To ask the Secretary of State for Trade and Industry what arrangements
are being made to return to Japan nuclear materials recovered
from reprocessing Japanese spent nuclear fuel at BNFL's Sellafield
The Government have been consulting the Government of Japan
for some time about arrangements for returning the nuclear materials,
including plutonium, recovered from reprocessing Japanese spent
nuclear fuel at Sellafield. This is in keeping with the terms
of the letters exchanged between the two Governments in 1978 in
support of reprocessing contracts between Japanese utilities and
BNFL and the policy of successive Governments.
"The Government of Japan's preferred means
of using the recovered plutonium is for it to be converted into
Mixed Oxide (MOX) fuel for use in Japanese nuclear power stations.
The MOX fuel, including material produced by BNFL's counterpart
COGEMA in France, will be returned by sea and carried by UK-flagged
transport ships belonging to Pacific Nuclear Transport Ltd. (PNTL),
a subsidiary of BNFL.
"The purpose of the consultations between
the UK and Japan has been to ensure that appropriate measures
are put in place for the physical protection of the material in
line with internationally agreed commitments and recommendations
on physical protection and reflecting the concern of all parties
to prevent the proliferation of sensitive nuclear materials. This
includes compliance with the recommendation of the International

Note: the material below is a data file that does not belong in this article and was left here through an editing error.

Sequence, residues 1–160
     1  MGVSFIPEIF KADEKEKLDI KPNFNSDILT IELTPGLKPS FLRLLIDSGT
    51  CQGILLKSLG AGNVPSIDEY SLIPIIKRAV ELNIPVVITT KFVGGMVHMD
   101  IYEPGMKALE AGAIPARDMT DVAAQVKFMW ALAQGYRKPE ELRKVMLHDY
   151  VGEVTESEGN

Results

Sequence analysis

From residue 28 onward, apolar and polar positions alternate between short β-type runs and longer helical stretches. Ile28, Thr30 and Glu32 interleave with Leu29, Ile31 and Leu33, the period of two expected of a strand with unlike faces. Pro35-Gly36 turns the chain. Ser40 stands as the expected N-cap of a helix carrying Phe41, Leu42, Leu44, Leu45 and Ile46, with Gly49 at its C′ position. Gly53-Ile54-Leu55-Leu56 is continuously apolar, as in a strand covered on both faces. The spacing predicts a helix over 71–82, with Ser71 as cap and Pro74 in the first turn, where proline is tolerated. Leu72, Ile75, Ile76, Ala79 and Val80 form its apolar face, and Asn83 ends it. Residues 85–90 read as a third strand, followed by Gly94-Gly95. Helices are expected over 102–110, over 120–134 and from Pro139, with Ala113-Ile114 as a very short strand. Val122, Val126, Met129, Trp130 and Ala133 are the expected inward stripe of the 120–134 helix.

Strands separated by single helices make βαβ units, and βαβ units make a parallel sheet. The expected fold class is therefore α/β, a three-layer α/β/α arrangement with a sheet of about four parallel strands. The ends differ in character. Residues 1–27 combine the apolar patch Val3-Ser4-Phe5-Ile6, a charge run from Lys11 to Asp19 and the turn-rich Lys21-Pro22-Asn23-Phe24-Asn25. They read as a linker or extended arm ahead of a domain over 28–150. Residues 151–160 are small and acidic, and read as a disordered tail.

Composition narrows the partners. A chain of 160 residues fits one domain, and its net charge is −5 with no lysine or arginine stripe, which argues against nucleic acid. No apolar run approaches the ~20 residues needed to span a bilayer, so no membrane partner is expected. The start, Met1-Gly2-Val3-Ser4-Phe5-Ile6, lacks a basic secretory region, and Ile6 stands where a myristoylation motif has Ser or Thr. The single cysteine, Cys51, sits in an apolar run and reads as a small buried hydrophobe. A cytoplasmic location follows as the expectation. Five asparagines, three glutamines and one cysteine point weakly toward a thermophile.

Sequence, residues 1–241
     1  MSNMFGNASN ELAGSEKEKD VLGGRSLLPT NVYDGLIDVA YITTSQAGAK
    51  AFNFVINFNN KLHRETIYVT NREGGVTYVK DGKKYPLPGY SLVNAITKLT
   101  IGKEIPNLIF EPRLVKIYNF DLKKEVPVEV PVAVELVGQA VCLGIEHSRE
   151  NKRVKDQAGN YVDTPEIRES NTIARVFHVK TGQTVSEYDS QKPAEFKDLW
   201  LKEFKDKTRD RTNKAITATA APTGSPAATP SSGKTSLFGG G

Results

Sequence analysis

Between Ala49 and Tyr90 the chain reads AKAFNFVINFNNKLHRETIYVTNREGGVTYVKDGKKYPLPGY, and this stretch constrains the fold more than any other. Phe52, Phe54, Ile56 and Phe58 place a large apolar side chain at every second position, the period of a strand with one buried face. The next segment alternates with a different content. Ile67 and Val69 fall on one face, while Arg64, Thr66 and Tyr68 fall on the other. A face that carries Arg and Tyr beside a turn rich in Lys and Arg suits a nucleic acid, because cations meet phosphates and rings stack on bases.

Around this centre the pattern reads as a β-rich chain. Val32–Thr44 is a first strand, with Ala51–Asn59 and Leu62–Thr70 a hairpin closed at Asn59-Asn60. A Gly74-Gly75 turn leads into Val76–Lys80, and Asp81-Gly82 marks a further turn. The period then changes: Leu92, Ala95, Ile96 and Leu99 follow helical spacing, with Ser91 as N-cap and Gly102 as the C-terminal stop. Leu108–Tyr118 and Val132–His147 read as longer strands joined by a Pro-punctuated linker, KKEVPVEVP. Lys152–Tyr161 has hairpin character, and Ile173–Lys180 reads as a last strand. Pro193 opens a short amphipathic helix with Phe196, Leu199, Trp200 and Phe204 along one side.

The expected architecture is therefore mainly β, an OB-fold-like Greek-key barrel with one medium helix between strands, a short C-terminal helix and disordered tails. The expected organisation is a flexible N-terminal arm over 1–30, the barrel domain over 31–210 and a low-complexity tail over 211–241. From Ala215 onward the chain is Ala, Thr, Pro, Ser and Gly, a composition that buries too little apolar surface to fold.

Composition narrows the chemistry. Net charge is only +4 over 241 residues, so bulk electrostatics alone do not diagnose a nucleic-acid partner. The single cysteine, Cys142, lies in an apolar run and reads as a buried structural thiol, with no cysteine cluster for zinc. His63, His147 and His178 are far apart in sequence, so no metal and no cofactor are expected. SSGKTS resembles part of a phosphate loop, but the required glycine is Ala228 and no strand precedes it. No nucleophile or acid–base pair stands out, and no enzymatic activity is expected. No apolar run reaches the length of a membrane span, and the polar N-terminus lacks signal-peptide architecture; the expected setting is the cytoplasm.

Atomic Energy Agency that MOX fuel, like all other Category 1
nuclear material, should be accompanied during transport by an
armed security escort.
"All plutonium recovered from Japanese spent
fuel reprocessed in Europe originates from uranium which was enriched
in the US. Because of this, it falls within US rules of origin
under which the US retains certain rights and responsibilities
over its retransfer. This means that plans for the transport of
MOX fuel from Europe to Japan by sea must comply with specific
US requirements concerning safety and physical protection. These
are set out in the 1988 US-Japan agreement on nuclear co-operation
and include the requirement either that the transport ship should
be accompanied by an armed escort vessel or that alternative security
measures acceptable to the US should be in place.
"The security arrangements currently under
discussion with Japan and the US would involved 2 PNTL transport
ships travelling together for mutual protection. Each would carry
armaments, for defensive use only, under the control of specially
trained officers of the United Kingdom Atomic Energy Authority
Constabulary. These security provisions are solely for protecting
the ships, their crew and their cargo in the extremely unlikely
eventuality of an armed assault by terrorists."